Qt 5 introduced a new syntax for
connect; instead of this:
connect( , SIGNAL(signalName(type1, type2)), senderObject, SLOT(slotName(type1, type2))); receiverObject
one can now write this:
connect( , &Sender::signalName, senderObject, &Receiver::slotName); receiverObject
It has both pros and cons, but for me, the main advantage is that everything is checked at the compile time. With the old syntax, I could make a typo in a signal’s name, and it would compile just fine. Not so with the new syntax.
By extension, I also thought that the new syntax is more type-safe: since the types of signal/slot arguments are checked at the compile time now, I would find out immediately if I were to use a slot with an incorrect arguments, right?
Not quite. Recently, I was showing the new syntax to a colleague, and we ended up with the following code:
// this.h private slots: void test(int); // this.cpp connect( ->pushButton, &QPushButton::clicked, uithis, &This::test);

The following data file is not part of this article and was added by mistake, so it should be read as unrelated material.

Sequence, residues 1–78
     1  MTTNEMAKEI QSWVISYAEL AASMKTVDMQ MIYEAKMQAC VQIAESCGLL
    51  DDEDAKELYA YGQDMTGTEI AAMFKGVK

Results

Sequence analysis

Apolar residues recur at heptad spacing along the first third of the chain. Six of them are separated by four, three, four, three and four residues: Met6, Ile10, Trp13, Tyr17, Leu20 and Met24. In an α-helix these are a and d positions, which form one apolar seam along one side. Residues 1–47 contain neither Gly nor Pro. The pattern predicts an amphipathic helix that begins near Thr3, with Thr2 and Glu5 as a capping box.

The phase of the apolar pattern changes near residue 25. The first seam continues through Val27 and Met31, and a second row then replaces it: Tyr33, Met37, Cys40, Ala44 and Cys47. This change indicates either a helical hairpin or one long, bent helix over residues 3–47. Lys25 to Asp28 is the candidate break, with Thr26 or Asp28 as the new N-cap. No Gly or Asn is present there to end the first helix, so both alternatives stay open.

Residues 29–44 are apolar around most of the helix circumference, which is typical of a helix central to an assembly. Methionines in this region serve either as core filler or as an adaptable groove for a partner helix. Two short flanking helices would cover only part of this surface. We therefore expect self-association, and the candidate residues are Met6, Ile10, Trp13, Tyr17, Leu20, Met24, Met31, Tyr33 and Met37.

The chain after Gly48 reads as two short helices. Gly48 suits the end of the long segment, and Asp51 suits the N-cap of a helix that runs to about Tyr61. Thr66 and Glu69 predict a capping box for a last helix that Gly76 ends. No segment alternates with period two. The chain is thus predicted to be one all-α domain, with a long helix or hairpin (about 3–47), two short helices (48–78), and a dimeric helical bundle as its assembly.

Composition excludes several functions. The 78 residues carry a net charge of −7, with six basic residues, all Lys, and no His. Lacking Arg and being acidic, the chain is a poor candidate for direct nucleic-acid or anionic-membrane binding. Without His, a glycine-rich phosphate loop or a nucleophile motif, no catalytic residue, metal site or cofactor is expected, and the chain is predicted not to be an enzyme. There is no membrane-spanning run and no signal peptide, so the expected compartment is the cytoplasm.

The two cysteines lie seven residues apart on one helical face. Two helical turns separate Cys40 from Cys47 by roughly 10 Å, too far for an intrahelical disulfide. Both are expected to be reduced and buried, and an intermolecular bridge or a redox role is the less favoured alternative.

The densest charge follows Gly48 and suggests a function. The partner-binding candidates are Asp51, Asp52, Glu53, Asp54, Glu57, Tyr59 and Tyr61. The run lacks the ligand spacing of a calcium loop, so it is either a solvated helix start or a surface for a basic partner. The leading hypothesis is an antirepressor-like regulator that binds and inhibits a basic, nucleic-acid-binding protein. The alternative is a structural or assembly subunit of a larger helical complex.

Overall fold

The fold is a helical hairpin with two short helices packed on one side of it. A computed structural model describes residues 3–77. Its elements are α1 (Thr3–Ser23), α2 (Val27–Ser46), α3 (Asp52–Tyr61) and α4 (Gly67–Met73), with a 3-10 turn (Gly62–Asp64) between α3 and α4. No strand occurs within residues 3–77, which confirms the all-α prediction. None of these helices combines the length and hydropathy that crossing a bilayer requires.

clicked has a
bool argument, while our
int — clearly this won’t compile! Yet it did.
Confused, I suggested that
connect might be casting function pointers to
void*, making them pass type-checking even though they don’t match. The
reality turned out to be much more mundane: this is just your ordinary C++ with
its implicit type conversion. The docs try to paint that as an advantage of the
new syntax, but I’m not entirely
convinced. It does make signals and slots blend better with C++; I’m just
skeptical that blending with that particular side of C++ is a good idea :)
Luckily I’m not the only skeptic out there. Qt 5.8 introduced
QT_NO_NARROWING_CONVERSIONS_IN_CONNECT macro that disables some of
the dumbest conversions, like
double. Better than
nothing, I guess.
Drop me a line! (wonder where’s the comments form?)